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Muscle cramps

Muscle cramps
Getting a muscle cramp, often called a ‘charley horse’ can be very painful and can happen during or after you exercise. So what and why do we get muscle cramps and what can we do to stop or reduce this from happening?

What is a muscle cramp?

A muscle cramp is when the muscle goes into an involuntary spasm and most commonly occurs in your foot, calves and legs, but could happen to any muscle. The muscle will contract by itself often very strongly and become tight and hard and can last from a few seconds to many minutes.

What causes muscle cramps?

Science isn’t exactly sure what causes it or why muscle cramps happen. There are several medical conditions and even medicines that can cause it, however there are a number of other non-medical possibilities that may trigger muscle cramps, but often it will occur due to a muscle being tired and fatigued through intense exercise or being held in a contracted or tense position for too long.

Many people will have experienced a muscle cramp while working out, known as exercise associated muscle cramps (EAMC), especially those doing endurance or long sports events. You could also get a cramp for up to 6-8 hours after you exercise. When a muscle gets tired or is worked in a limited range of motion under tension it can have a neuromuscular effect that can create muscle spasms. This effect can cause our bodies not to be able to send electrical signals effectively through the body, essentially deadening our nerve connections and so our muscles are not able to get the right signals for contracting and relaxing our muscles in the way they should.

What could possibly make the matter more likely to happen is if you are dehydrated or have an electrolyte imbalance. Working out in hot weather can also make it worse, as you sweat more and so you lose more water and electrolytes. The electrolyte imbalance can reduce sodium and potassium in your system and this can affect the signal required to contract and relax a muscle.

As stated science hasn’t got the answer as to why this happens yet, and it is more than likely a combination of all the above that can affect individuals at different rates.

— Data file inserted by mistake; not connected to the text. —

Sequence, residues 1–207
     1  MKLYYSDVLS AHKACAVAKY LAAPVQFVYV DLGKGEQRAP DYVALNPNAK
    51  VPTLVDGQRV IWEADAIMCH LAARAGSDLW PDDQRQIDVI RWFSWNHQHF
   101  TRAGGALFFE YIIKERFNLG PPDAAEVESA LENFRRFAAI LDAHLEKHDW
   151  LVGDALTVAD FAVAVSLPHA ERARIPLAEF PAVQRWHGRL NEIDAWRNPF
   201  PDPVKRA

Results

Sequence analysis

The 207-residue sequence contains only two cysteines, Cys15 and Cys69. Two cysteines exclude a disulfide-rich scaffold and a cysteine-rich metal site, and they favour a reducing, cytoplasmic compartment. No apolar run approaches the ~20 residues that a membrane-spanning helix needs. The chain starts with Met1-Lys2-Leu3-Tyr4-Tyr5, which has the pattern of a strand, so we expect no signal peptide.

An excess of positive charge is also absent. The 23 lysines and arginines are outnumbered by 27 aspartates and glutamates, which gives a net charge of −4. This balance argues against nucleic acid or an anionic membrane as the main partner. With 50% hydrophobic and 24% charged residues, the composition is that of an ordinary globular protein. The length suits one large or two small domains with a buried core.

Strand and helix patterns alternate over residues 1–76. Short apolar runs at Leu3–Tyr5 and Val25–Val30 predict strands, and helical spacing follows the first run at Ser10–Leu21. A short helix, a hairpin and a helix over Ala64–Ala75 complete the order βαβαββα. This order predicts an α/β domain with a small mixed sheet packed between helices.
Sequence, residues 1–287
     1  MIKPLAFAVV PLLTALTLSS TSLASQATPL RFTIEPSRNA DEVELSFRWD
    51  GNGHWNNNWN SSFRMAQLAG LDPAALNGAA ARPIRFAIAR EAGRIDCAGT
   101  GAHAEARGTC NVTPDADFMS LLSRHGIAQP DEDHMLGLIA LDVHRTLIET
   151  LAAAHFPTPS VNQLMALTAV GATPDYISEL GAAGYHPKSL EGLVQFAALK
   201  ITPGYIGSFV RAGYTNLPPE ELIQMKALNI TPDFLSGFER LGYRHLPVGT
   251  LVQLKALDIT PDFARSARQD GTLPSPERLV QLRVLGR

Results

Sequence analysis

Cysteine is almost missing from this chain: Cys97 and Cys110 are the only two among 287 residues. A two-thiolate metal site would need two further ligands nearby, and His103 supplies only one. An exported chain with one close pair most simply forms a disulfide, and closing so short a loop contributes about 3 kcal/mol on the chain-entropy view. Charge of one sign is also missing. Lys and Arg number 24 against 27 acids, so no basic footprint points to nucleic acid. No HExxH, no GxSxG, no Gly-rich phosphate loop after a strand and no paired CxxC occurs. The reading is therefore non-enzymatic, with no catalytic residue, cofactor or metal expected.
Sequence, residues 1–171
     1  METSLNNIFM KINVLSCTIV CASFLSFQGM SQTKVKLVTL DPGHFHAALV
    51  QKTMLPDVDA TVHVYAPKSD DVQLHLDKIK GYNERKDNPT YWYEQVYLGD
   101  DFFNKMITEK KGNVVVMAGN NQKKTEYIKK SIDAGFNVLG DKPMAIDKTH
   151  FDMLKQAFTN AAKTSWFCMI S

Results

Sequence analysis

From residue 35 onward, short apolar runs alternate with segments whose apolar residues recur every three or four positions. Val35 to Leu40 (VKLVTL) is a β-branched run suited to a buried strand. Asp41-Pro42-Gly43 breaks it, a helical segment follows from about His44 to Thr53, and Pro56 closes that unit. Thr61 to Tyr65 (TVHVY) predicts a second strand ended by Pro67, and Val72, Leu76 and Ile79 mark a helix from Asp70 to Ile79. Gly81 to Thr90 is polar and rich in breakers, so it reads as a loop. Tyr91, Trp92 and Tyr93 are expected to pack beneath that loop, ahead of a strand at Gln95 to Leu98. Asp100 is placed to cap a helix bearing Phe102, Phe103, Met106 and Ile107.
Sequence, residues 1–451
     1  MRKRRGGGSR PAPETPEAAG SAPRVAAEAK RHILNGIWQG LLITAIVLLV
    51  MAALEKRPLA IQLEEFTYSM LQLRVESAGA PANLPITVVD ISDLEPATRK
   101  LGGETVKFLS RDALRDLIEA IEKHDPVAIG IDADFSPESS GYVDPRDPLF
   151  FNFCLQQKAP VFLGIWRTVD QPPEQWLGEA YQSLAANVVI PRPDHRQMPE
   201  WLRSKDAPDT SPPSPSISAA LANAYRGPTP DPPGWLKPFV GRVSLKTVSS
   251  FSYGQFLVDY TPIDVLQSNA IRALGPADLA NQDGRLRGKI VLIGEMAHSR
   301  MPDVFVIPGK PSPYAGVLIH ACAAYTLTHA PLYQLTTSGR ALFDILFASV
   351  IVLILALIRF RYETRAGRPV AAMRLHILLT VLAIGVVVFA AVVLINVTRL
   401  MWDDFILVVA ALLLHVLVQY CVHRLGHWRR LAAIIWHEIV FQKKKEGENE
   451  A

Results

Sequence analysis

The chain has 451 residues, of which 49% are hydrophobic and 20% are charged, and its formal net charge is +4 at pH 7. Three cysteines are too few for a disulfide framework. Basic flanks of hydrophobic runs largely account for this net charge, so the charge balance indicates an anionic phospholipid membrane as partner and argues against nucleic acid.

What can you do to stop or minimise muscle cramps from happening?

As there are several types of and possibilities for cramps to occur, the following is a general guideline to help you with some of the possible causes. However, if your muscle cramps last a long time and/or occur frequently, please seek medical advice.

Firstly try to drink plenty of water throughout the day, eat more food with potassium, magnesium, calcium and sodium to replace electrolytes lost through sweating during exercise.

Warm up properly before your workout and stretch and cool down after.

Workout within your limits, don’t overwork a muscle, a fatigued muscle is more likely to suffer from a cramp.

Stay cool and drink plenty of fluid during your workout.

Also being more flexible can also possibly help reduce muscle cramps, as tight muscles are more likely to cramp. Stretch tight muscles and massage them regularly to reduce the chances of them from cramping.

What to do if you get a muscle cramp?

Stop working out and stretch the muscle, as stretching the muscle will inhibit the signal to keep it contracted, that is why they often relieve a cramped muscle. A gentle massage will also help, as this will help relax the muscle.

Apply heat or take a warm bath, as heat is preferable for muscle cramps and can help reduce stiffness and increase blood flow, while ice should be used for painful injuries that are inflamed/swelling.

Finally, ensure you are hydrated and replace lost electrolytes.

Seek medical advice for persistent or very painful issues.